So, in school (that's a long time age) they have been teaching us there are 9 planets in our solar system.
But every now and then I keep reading stories about another "dwarf planet" (Eris, discovered in 2005) that - depending on what source tells the story - is another planet according to the astronomical definition, while other sources say that it isn't a planet. Some even say Pluto isn't a planet anymore either.
The result: I'm confused due to the contradicting stories. Even Wikipedia isn't clear about Eris and only writes (emphasis mine):
NASA initially described it as the Solar System's tenth planet.
Initially? So, is it a 10th planet or not? Fact is, there is another "something" out there and it surely seems to look like a planet. Yet, some people keep stating there are 9 planets in our solar system, while others say there are more than 9 planets, and then again there are people stating that the latest definition of "planet" has kicked out Pluto too so there are actually fewer than 9 planets in our solar system.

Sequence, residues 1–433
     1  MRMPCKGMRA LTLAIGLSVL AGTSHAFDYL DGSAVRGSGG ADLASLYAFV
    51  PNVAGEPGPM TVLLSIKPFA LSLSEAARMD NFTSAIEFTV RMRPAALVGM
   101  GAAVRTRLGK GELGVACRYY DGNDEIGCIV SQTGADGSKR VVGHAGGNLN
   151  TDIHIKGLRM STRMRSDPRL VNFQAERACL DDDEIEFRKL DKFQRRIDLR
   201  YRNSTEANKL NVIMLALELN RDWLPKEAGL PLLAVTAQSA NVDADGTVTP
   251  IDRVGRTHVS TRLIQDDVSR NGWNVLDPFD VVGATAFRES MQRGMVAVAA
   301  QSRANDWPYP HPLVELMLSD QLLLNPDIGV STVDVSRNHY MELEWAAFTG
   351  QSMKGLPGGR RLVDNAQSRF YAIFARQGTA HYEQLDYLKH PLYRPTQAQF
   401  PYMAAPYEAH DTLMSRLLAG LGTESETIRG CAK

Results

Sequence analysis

Trying to get a definite, official, and astronomically correct answer I can actually rely on, I'm therefore asking: How many planets are there in this solar system?
The "Definition of planet" at Wikipedia doesn't really help either, as it states:
Many astronomers, claiming that the definition of planet was of little scientific importance, preferred to recognize Pluto's historical identity as a planet by "grandfathering" it into the planet list.*
* Dr. Bonnie Buratti (2005), "Topic — First Mission to Pluto and the Kuiper Belt; "From Darkness to Light: The Exploration of the Planet Pluto"", Jet Propulsion Laboratory. Retrieved 2007-02-22.
So, if you link somewhere to provide proof, it would be great if you could point me to a more trusted source than Wikipedia. Ideally, an astronomical trusted source and/or paper.